Leahy has an interesting history. In 1980, he operated a
900-acre organic rice farm in California. In the 1990’s, he
managed an 800-acre organic corn, soybean, alfalfa and cattle
farm in Nebraska. In 2002, he became executive director of the
California Certified Organic Farmers (CCOF). Then in 2012,
Leahy became the director of the California Department of
that seem a bit strange?
will always be part of modern life," says Leahy in a
recent interview with the Alliance for Food and Farming.
"I want to show people that you can effectively manage
pests by using pesticides as a last resort and choosing ones
that are less toxic to people."
knows what he’s talking about. California produces half the
vegetables, fruits and nuts (no pun intended) in the U.S. The
Golden State also has the nation’s most comprehensive
program to regulate pesticide use.
modern food supply, public health and resource management all
rely on pesticides," says Leahy.
heard that right. As scary as the term "pesticide"
may sound, it refers to any substance that controls pests such
as insects and microbes that can destroy food crops or make us
organic farmers use pesticides, says Leahy. Most are derived
from microorganisms or other natural sources. Some are
synthetically produced — synthesized from a mixture of
compounds. And all are approved by the USDA National Organic
— those used on organic as well as conventional crops —
undergo the same rigorous scientific evaluation by the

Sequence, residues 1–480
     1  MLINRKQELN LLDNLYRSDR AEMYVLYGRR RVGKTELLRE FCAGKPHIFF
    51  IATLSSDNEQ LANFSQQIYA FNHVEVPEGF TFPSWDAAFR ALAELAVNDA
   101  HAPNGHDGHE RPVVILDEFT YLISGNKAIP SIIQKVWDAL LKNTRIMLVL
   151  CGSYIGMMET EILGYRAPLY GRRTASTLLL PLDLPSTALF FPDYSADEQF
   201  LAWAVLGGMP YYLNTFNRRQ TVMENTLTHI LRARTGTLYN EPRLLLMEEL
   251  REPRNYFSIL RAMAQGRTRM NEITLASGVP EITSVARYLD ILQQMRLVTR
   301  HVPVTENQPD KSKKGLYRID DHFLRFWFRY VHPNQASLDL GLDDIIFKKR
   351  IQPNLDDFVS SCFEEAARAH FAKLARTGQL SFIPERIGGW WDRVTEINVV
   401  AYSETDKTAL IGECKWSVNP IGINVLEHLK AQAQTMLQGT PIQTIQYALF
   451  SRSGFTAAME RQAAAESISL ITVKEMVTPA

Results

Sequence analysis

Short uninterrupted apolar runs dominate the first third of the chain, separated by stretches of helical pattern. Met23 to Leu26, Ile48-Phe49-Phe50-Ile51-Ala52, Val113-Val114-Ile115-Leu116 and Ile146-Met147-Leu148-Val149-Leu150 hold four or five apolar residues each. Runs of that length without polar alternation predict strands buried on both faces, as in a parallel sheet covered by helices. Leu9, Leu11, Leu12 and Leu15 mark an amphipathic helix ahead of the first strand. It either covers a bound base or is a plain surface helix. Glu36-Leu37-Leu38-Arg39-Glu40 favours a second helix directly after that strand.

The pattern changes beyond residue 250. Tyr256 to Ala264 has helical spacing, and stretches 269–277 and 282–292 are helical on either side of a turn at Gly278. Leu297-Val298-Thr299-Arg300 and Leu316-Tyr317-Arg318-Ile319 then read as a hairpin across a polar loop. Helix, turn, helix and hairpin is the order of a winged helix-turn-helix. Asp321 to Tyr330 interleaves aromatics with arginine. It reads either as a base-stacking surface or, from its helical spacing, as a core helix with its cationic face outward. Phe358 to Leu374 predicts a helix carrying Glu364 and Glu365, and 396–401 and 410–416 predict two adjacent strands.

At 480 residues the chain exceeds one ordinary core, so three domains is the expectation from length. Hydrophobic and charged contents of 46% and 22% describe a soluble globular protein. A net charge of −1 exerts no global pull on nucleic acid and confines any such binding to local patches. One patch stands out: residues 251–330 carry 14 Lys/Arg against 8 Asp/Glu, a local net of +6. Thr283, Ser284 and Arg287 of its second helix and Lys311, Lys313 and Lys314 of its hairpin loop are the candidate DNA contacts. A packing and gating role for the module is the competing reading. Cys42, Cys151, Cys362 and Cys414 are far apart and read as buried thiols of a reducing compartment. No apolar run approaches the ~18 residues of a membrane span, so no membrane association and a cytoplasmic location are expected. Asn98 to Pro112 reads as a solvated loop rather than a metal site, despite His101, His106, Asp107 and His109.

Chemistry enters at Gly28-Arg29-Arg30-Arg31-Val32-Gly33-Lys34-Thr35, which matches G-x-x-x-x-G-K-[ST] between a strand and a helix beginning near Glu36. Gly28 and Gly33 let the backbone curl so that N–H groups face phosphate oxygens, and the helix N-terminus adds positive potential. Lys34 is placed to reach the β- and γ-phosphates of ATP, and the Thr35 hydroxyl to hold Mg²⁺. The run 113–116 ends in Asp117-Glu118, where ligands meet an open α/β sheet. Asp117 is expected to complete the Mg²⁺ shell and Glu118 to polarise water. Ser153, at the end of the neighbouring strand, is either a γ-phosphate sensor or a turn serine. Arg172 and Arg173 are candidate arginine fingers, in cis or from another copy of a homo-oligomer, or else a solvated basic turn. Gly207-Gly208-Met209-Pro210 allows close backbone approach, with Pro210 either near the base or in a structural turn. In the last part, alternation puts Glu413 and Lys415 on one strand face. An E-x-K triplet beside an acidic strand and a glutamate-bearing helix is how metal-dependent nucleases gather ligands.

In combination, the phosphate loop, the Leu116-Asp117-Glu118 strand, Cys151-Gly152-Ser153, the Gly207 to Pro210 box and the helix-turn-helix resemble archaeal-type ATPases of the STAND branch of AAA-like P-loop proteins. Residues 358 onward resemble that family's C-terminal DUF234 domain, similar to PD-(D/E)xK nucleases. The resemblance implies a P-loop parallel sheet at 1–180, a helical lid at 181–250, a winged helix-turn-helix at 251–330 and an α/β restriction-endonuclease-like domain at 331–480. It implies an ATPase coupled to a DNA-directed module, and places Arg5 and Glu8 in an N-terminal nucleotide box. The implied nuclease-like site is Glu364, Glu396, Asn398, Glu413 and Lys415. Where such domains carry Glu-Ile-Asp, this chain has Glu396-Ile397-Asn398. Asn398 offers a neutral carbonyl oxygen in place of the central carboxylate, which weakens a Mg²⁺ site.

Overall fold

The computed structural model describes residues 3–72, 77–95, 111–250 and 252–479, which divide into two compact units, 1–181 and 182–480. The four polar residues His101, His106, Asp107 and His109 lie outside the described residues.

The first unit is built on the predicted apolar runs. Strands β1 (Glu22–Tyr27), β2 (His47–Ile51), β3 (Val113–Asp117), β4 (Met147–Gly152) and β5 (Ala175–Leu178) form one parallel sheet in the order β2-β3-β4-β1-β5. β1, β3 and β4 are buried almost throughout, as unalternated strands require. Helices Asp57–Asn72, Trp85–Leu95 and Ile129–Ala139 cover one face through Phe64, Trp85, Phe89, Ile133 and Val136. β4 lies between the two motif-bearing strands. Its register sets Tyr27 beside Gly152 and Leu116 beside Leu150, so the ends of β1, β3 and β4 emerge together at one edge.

Environmental Protection Agency," says Leahy, "to
ensure they will not harm people when used according to label
really. Isn’t organic … better?
Marthedal, who grows conventional as well as certified organic
blueberries in Fresno, Calif., says, "To some extent the
operations are very similar. We use fungicides, fertilizers
and insecticides in both operations. The big difference is the
source of the chemical…when it is certified as organic it
has to be a naturally occurring organic compound. And it’s
interesting because a lot of the chemicals that we use in our
conventional operation are really just synthetic versions of
the organic compounds that we use in our organic
Calif., farmer Rod Braga grows vegetables both organically and
conventionally. "I think what people need to understand
is that we do use pesticides on organic vegetables," he
says. "And the rate at which we use them on the organic
crops are actually at a much higher volume and often times
more applications than we do on the conventional side. We just
wouldn’t be able to produce enough crops to feed everybody
if we were organically growing and not using any
begs the question: Is organic healthier than
conventionally-grown produce? Remember, say experts with the
Alliance for Food and Farming, the term "organic"
defines how a food is produced. It does not address quality,
safety or nutritional value.
tuned for more on this topic.